8. 8. • ADG Creative: Gamification—Good for Business [PLAY VIDEO] <<<< • “Gamification is the process of taking something that already exists – a website, an enterprise application, an online community – and integrating game mechanics into it to motivate participation, engagement, and loyalty.” • “Gamification applies the data-driven techniques that game designers use to engage players to non-game experiences to motivate actions that add value to your business.” What Is Gamification? [1] Bunchball,SanMateo,CA,USA(http://www.bunchball.com/gamification) 2015 KM Australia Conference 8
  9. 9. • Drives higher sales, stronger collaboration, better ROI, deeper loyalty, and higher customer satisfaction through increased high-value interactions with customers, employees, and partners. • Applies any combination of these techniques to accomplish business [and learning] goals. • Not about creating something new; but the results are unique. • Integration of the motivational techniques that make games so engaging. • Built upon game mechanics proven to motivate and engage users/learners. What Is Gamification? [2] Bunchball,SanMateo,CA,USA(http://www.bunchball.com/gamification) 2015 KM Australia Conference 9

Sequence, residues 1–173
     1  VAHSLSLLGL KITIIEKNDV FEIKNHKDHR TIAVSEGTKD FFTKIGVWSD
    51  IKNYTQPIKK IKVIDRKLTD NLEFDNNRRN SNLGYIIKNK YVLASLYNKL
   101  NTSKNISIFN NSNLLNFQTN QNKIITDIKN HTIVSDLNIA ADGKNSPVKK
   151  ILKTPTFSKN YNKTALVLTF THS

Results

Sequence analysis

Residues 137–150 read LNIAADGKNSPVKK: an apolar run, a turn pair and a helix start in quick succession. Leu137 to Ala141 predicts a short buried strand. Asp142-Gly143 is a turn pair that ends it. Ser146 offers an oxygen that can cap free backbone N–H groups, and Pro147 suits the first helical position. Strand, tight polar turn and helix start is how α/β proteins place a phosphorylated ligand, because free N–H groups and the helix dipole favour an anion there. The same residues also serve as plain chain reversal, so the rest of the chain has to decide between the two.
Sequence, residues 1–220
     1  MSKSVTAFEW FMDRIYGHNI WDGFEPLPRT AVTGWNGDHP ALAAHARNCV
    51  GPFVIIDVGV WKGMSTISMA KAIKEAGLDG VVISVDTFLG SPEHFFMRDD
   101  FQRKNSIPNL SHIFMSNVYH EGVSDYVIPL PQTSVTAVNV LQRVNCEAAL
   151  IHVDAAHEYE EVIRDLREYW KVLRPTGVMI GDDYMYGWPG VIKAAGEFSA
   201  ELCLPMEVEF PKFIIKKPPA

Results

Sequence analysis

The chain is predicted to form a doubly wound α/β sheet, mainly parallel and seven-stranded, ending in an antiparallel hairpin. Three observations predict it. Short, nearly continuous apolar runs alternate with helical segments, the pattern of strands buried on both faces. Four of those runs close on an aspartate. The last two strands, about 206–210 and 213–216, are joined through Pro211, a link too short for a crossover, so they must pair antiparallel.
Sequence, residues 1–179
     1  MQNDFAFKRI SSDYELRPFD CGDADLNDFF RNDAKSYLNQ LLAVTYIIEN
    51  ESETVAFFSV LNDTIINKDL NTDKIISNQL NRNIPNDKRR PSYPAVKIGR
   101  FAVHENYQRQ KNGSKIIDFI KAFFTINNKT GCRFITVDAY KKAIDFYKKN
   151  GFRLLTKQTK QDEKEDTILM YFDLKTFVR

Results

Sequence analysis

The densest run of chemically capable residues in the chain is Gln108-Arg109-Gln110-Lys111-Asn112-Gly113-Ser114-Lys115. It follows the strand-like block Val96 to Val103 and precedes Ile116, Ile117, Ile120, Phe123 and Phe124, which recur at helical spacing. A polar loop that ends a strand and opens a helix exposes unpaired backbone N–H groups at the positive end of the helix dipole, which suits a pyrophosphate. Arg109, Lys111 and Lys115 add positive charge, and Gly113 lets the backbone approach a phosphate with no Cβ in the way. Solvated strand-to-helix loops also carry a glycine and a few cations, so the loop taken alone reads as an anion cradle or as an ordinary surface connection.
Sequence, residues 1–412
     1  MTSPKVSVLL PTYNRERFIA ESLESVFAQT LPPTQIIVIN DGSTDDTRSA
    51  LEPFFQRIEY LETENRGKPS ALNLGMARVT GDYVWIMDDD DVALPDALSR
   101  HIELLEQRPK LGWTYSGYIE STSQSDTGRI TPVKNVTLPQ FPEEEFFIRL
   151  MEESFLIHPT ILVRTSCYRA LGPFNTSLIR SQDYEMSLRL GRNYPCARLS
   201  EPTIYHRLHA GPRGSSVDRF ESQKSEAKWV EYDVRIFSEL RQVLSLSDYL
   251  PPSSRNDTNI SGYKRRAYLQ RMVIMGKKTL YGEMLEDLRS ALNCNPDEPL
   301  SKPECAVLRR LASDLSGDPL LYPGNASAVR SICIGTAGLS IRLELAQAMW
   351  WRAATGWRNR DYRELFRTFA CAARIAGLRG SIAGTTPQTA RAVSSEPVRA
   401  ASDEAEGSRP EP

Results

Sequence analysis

10. 10. • Craft, science, and art of deriving all the fun and addicting elements found in games and applying them to real-world, learning, or productive activities. • Human-Focused Design • & Learner-Focused Design vs. • Function-Focused Design. • Design process that optimizes for the human/learner in the system, as opposed to pure efficiency of the system. What Is Gamification? [3] From:https://leanpub.com/actionable-gamification-beyond-points-badges-leaderboards 2015 KM Australia Conference 10